Separate drafts of the fiscal-year 2018 National Defense Authorization Act (NDAA) are currently making their way through the House and Senate. Haystax Technology’s Vice President of Security Analytics, Tom Read, studied both versions and shared his observations about the lack of emphasis on insider threat mitigation – in the House bill, at least – in a recent commentary published simultaneously in Defense News and Fifth Domain Cyber.
Read notes that the House authorization language discusses insider threat mainly in the context of ‘green-on-blue’ attacks by overseas military partners as well as espionage and technology exploitation operations by nation-state actors, rather than on “threats from insiders who have knowledge and access to proprietary systems that allow them to bypass security measures through legitimate means.”
The Senate version, by contrast, directly addresses these latter insider threats, directing the US Department of Defense to “orchestrate the creation of an integrated, automated, enterprise-wide insider threat detection and analysis capability.” As Read notes, “this language goes to the heart of a serious challenge at DoD — namely, the inability of the department to access and integrate data to effectively and efficiently prevent malicious and accidental insider incidents.”
There are several areas of critical importance that Haystax Technology continues to advocate for, namely the quality of data inputs, the ability to monitor non-network behavior and the need for more risk-based approaches. Read goes into detail as to why these areas are important, and recommends a holistic risk-based approach to insider-threat detection and deterrence. This is the reason Haystax Technology first builds a model of ‘whole-person’ behavior, before even a single piece of data is collected. And it’s why our Haystax Analytics Platform™ approaches user behavior analytics (UBA) holistically, like an ever-expandable team of expert analysts who are continuously on the lookout for signs of malicious, negligent and inadvertent behaviors by trusted insiders.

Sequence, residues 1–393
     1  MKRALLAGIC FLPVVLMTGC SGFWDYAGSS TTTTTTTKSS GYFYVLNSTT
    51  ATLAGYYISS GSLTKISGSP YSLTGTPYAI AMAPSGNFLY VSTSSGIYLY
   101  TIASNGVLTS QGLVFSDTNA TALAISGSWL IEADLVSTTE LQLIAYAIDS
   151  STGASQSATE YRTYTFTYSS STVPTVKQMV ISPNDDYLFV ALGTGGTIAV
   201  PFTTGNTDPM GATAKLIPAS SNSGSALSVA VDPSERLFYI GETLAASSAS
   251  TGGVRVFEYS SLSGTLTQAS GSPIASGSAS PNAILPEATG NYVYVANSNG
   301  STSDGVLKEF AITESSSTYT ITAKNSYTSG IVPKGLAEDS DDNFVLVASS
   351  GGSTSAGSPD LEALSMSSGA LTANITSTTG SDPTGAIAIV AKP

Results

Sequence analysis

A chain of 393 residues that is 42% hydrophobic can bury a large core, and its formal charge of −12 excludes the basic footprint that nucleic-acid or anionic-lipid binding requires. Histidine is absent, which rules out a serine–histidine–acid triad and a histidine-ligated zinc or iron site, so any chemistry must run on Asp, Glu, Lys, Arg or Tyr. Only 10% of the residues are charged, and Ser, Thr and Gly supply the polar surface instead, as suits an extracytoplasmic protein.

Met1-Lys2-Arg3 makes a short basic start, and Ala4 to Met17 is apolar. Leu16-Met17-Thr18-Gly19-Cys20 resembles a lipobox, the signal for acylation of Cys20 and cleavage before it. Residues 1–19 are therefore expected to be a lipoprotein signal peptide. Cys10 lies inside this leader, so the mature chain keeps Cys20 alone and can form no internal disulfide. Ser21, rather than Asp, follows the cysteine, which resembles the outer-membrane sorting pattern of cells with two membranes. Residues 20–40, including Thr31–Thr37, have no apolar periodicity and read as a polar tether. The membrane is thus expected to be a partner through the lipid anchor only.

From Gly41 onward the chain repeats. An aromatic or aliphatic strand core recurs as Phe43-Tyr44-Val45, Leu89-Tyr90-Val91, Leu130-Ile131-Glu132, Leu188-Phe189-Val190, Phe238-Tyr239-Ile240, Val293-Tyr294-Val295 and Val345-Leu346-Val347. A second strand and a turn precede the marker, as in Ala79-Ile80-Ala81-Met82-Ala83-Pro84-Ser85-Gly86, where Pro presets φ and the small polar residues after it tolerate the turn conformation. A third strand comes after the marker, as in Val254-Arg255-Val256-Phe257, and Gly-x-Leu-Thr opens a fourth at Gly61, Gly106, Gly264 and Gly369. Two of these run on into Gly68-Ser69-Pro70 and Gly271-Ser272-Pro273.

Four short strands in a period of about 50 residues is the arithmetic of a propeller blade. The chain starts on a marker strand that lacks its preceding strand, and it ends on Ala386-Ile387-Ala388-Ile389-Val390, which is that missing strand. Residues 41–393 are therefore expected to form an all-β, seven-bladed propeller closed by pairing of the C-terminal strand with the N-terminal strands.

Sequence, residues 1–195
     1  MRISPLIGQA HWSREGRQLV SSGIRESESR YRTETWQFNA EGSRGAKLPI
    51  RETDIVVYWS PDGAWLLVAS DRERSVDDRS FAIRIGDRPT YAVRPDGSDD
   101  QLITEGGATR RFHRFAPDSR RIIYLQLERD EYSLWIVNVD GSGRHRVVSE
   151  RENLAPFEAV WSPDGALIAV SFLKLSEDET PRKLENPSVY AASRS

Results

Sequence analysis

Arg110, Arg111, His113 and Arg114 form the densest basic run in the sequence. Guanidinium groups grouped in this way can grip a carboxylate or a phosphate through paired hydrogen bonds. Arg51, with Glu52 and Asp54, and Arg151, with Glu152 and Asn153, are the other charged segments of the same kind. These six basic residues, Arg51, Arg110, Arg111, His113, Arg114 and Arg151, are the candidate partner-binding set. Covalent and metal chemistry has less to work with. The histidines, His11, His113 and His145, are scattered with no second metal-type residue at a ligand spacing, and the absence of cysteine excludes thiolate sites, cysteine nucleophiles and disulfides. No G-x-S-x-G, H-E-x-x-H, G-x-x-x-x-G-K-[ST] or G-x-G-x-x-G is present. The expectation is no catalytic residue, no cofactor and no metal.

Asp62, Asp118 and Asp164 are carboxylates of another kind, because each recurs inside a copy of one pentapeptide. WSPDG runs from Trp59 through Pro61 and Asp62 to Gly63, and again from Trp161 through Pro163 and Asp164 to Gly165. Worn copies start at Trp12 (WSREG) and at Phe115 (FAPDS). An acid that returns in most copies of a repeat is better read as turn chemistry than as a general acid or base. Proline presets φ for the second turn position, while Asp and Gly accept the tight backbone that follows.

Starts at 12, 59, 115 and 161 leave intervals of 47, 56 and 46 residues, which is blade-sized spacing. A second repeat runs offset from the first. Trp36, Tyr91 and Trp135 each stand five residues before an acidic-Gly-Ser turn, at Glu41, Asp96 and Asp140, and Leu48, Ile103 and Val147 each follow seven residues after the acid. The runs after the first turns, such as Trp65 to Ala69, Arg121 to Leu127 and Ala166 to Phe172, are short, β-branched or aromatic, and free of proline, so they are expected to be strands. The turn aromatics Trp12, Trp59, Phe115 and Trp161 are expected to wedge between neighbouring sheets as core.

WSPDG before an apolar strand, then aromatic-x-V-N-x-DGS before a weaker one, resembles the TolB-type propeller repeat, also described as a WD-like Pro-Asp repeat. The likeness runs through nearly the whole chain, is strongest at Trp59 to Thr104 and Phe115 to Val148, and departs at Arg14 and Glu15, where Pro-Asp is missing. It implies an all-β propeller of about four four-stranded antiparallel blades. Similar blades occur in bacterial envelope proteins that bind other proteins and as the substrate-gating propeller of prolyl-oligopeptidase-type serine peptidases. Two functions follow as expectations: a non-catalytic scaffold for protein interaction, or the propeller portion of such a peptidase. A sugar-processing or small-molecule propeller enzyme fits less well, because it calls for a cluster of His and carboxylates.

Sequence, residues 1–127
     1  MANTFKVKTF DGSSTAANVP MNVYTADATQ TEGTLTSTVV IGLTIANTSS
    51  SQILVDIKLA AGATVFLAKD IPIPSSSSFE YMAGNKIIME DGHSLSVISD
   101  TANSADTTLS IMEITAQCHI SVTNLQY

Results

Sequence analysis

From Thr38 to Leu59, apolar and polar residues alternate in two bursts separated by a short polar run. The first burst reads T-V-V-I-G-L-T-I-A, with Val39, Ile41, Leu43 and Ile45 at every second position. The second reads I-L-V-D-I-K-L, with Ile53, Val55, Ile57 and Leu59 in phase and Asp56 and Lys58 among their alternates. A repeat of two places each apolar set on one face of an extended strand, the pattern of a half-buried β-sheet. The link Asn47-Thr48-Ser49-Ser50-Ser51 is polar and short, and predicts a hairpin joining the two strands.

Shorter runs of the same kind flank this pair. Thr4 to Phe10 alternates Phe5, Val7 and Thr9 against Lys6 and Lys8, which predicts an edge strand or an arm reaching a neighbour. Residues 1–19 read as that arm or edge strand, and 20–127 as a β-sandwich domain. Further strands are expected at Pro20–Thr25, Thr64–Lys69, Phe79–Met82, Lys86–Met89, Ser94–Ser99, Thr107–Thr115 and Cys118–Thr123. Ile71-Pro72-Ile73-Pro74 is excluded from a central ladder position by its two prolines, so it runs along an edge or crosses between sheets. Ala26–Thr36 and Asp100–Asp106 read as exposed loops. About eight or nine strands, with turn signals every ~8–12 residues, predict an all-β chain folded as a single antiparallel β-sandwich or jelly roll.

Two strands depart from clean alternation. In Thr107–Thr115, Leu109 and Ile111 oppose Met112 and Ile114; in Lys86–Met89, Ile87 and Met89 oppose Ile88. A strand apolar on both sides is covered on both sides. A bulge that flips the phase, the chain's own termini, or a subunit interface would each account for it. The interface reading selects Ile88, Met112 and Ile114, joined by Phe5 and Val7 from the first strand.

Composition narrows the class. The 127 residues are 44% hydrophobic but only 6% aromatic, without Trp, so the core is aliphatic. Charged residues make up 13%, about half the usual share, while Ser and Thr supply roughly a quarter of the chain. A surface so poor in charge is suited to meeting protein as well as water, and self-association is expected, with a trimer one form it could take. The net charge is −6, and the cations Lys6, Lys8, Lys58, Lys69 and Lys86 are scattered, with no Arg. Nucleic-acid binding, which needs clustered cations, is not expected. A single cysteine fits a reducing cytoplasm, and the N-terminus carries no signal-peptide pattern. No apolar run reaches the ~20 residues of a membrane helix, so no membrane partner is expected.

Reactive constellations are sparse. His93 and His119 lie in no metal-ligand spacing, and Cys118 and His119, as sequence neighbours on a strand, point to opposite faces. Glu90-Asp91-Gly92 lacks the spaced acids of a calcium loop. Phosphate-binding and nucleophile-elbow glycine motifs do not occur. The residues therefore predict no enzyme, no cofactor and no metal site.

Eventually, changes will be made to the NDAA in conference and a final version will be voted on – and likely passed. While it remains to be seen what the final FY18 NDAA will look like when it lands on the President’s desk, Read stresses that we cannot ignore its current lack of real emphasis on insider threat program improvements, despite its growing risks. In fact, 40 percent of respondents to a recent study by the SANS Institute and Haystax reported malicious insider threats as being the most damaging current threat vector, and certainly no organization — whether in finance, healthcare, law or any other profession — is immune from the growing threat from adverse insider events. As such, Read concludes, the NDAA ought to address this important issue with specific language.